American Literature and Composition Course Schedule

Download 27.89 Kb.
Size27.89 Kb.

American Literature and Composition Course Schedule

Mr. Younger

The following is a chronological list of the works studied during the course of the year. Formal extended analysis essays and timed, in-class essay responses are listed; other activities (informal, exploratory writing activities, tests, speeches and presentations, etc) are not. Please note that this list is not set in stone and may be expanded or truncated as time constraints dictate.
Schedule Note: Grammar and occasional vocabulary activities every Monday; majority of vocabulary taught in conjunction with novel units.
Preactivities: Literary Terms Mondays, Tuesdays, and Thursdays (53 first semester and 53 second semester)

Quote analysis on Wednesday; Brain Teasers on Friday’s

After completion of literary terms, we will do vocab activities on Mondays, Tuesdays, and Thursdays.
Grammar Units: (subject to change as time allows)

1) Comma Unit

2) Semicolon and colon unit

3) Quotation Marks with direct Quotations

4) Dashes, Parenthesis, and Hyphens

5) Apostrophes

6) Agreement: subject/verb pronoun/antecedent

7) Common Usage Problems

8) Prefixes, Suffixes, Word-Roots
First Semester Essays:

Reflective Essay: Significant Memory

Short Answer Essay: John Proctor Tragic Hero

Short Answer Essay: John Proctor’s Decision

Short Answer Essay: Ahab Character Analysis: Courageous Captain or Obsessed Madman?

Formal extended analysis: Transcendental Quotation.

Formal extended analysis: Dark Romanticism Characteristics Analysis.

Reflective Essay: Personal Test (Life Challenge)
Second Semester Essays: (subject to change as time allows)

Persuasive Research Essay: A contemporary issue with opposing viewpoints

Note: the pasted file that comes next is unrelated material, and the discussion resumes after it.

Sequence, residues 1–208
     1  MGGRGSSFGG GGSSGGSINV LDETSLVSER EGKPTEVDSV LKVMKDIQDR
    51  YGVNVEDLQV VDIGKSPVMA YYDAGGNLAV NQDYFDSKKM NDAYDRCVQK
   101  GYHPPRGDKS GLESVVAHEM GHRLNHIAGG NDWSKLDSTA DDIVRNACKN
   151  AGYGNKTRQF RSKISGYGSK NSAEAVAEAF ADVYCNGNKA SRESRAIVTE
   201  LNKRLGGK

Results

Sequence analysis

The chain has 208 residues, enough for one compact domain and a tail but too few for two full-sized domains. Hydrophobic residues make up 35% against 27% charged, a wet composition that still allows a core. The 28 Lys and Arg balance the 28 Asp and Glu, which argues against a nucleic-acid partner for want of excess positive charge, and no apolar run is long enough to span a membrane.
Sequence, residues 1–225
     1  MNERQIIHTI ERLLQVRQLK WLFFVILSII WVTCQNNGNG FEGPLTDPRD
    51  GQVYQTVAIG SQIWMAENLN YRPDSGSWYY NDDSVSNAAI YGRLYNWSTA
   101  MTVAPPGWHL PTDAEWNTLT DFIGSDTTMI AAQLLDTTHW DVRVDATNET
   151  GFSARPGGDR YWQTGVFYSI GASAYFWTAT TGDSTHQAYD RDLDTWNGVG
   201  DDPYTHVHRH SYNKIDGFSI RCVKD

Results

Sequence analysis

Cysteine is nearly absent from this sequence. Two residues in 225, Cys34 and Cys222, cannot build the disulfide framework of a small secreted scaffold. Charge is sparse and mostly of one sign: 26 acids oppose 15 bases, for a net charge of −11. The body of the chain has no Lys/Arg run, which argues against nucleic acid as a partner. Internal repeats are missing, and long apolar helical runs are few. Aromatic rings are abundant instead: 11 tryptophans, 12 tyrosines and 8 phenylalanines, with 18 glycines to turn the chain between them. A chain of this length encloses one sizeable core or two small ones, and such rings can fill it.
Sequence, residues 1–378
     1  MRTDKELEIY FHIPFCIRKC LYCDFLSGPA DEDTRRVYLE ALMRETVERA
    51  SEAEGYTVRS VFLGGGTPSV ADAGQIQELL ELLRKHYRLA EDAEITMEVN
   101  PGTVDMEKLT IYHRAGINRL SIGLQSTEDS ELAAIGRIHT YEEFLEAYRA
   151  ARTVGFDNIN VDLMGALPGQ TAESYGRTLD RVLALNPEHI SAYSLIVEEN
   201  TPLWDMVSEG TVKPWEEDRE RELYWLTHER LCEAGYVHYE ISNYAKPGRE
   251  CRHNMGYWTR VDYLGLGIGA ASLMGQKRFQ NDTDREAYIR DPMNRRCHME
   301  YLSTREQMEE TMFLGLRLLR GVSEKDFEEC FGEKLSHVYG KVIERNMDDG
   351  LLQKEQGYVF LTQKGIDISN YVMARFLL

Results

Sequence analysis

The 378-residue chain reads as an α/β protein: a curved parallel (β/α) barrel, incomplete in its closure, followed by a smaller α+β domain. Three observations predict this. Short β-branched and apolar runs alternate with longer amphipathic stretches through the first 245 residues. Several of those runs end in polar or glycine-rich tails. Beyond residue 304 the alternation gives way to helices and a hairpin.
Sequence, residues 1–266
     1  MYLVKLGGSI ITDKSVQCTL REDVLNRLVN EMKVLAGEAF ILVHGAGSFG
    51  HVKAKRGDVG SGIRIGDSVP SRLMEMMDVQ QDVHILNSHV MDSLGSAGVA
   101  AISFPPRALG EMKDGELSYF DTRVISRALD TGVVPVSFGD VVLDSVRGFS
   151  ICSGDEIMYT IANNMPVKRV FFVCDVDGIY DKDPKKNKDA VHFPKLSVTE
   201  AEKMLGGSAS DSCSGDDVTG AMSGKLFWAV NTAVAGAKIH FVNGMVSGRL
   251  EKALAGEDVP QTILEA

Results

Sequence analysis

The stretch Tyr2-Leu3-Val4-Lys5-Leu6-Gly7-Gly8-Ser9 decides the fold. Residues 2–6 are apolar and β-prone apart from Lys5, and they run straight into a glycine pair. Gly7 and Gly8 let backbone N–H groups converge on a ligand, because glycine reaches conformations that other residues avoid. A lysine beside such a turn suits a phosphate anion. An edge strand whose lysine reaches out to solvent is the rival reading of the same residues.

Timed, In-class Essay: Huckleberry Finn; essay prompt TBA

Formal Extended Analysis: The Great Gatsby various novel-related topics

Formal Extended Analysis: Catcher in the Rye various novel-related topics

Short Answer Essay: Raisin in the Sun: Literary analysis of dynamic character

I. Colonial Period: Beginnings--1800

A. Native American Voices

1. The Earth on Turtle’s Back” (Onondaga)

2. “When Grizzlies Walked Upright” (Modoc)

3. “The Navajo Origin Legend” (Navajo)

Reflective Essay: Reflect upon a Significant Memory.

B. The Puritan Way

1. Arthur Miller

a. Drama: The Crucible (written in 1953, but set in 1692, so we will study it here among the Puritan works.)

Short Answer Essay: John Proctor Tragic Hero. Draw upon textual details to evaluate whether or not the character John Proctor is a prototypical Tragic Hero according to historical tragic hero attributes.

Short Answer Essay: John Proctor’s Decision. At the end of the play, Reverend Hale insists that John Proctor’s decision to hang instead of admitting that he was consorting with the devil is an act of excessive pride or stubbornness. As the old saying goes, sometimes people "bite off their nose to spite their face." Discuss your opinions regarding Proctor’s decision? Do you think that Proctor’s last act was an honorable choice, or an act of excessive pride or honor? Include contextual evidence in support of your answer.

2. Jonathan Edwards

a. from Sinners in the Hands of an Angry God

3. Anne Bradstreet

a. “To My Dear and Loving Husband”
II. Early Nineteenth Century: American Romanticism 1800—1865

  1. Transcendentalism

1. Ralph Waldo Emersom

  1. From Nature

  2. From “Self-Reliance”

  3. “World Soul”

  4. “The Rhodora”

  1. Henry David Thoreau

i. From Walden

ii. From Civil Disobedience

Formal extended analysis: Transcendental Quotation. Select an Emerson or Thoreau quotation and write an essay analyzing, illustrating, reacting to, and expounding upon it and its relation to transcendental values.

3. Walt Whitman

i. From Song of Myself

ii. “When I Heard the Learn’d Astronomer”

iii. “By the Bivouac’s Fitful Flame”

iv. “A Noiseless Patient Spider”

v. “I Saw in Louisiana a Live Oak Growing.”

vi. “I Hear America Singing”

vii. “I, Too” (Langston Hughes)

B. The Fireside Poets; selected poetry from:

a. Henry Wadsworth Longfellow

i. “A Psalm of Life”

ii. “The Tide Rises, The Tide Falls”

iii. “The Cross of Snow”

b. Oliver Wendell Holmes

c. James Russell Lowell

d. John Greenleaf Whittier

C. The Dark Romantics

1. Edgar Allan Poe: Gothic Literature

a. “The Fall of the House of Usher”